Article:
At Least 10 Dead in Explosions in Russia's St. Petersburg Subway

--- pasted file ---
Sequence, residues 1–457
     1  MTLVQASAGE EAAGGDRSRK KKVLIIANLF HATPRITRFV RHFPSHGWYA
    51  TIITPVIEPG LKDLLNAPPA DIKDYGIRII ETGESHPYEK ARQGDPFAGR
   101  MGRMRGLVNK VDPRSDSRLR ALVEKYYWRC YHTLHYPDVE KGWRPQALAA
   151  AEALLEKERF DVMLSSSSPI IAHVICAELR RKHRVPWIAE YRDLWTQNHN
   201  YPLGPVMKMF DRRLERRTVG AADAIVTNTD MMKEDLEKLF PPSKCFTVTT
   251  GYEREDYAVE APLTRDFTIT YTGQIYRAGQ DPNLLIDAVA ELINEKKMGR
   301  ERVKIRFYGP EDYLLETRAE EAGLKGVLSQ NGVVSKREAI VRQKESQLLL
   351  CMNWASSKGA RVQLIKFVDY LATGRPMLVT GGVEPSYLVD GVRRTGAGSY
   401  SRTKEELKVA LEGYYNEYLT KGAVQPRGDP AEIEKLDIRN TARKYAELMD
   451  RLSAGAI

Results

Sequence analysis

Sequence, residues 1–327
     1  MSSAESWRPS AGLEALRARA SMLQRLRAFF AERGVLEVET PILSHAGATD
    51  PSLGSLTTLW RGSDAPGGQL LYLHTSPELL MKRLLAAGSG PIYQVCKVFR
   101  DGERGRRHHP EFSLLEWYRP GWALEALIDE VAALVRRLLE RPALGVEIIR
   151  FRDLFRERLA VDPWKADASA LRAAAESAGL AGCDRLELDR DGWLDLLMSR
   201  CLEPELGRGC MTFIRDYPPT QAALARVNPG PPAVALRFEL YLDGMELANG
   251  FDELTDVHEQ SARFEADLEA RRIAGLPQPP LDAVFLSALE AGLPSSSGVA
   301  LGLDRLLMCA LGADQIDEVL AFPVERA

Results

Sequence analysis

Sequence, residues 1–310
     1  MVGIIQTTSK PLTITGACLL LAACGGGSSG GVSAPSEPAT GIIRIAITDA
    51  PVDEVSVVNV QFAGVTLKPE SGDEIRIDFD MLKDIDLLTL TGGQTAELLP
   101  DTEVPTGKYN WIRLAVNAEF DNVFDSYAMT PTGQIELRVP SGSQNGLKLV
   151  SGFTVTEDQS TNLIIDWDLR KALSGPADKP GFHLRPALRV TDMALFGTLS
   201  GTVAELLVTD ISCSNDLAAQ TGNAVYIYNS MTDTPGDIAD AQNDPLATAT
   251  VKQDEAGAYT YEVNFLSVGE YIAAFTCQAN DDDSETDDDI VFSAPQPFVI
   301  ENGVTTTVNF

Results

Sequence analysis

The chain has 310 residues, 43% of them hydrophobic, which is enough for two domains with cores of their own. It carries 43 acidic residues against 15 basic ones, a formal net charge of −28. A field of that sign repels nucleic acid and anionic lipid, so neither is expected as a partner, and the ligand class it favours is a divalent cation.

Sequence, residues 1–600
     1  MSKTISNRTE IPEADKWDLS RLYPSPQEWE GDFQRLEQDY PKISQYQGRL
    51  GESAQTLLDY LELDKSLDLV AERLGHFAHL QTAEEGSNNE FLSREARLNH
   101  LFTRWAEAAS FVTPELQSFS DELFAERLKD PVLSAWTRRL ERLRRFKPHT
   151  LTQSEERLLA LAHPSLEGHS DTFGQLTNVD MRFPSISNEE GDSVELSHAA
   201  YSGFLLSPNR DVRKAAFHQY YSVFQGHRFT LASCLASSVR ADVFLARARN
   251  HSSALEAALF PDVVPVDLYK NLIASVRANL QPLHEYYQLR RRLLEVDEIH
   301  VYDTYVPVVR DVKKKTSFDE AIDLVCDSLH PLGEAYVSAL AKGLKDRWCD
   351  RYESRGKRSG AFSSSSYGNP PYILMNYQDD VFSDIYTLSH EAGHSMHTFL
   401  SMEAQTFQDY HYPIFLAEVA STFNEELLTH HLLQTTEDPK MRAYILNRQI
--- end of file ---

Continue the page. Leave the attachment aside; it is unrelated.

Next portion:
Explosions at two Russian subway stations in St. Petersburg killed at least 10 people on Monday, the state-run Tass news agency reported. The explosions occurred while President Vladimir Putin was in the city, Russia's second largest, for a meeting and a speech.There has been no official confirmation of the Tass report, which cited an unidentified government official and also reported that at least 30 people were wounded. The Kremlin's spokesman, Dmitry S. Peskov, said that Putin, who had been informed of the attack, had proceeded with official business and would soon make a statement.The state-owned Rossiya 24 news channel reported that explosions had occurred at the Sennaya Square and Technology Institute stations, in the city center. Fontanka, a local news website, reported that several people were wounded.Images, not immediately verified, circulated on social media showing a damaged subway car and several people lying on a subway platform, apparently with injuries.The two stations are adjacent on the No. 2 subway line, which runs north-south through St. Petersburg. Both of the stations are transfer points with other subway lines. Seven stations in the city were closed after the attack, according to TASS and other agencies.Putin was in St. Petersburg for a meeting with the president of Belarus, Alexander G. Lukashenko, a traditional ally who has recently feuded with the Kremlin, and to give a speech at the All-Russia People's Front, a political group started by the president.Public transportation has been attacked in Russia before.Two subway stations in central Moscow were attacked by suicide bombers on March 29, 2010, killing dozens and renewing fears of terrorism there. The attack was linked to pro-Chechen separatists active with a pan-Caucasus insurgency.More details to come.New York TimesPosted by Chris Siron, Breaking News editor  Continue reading...

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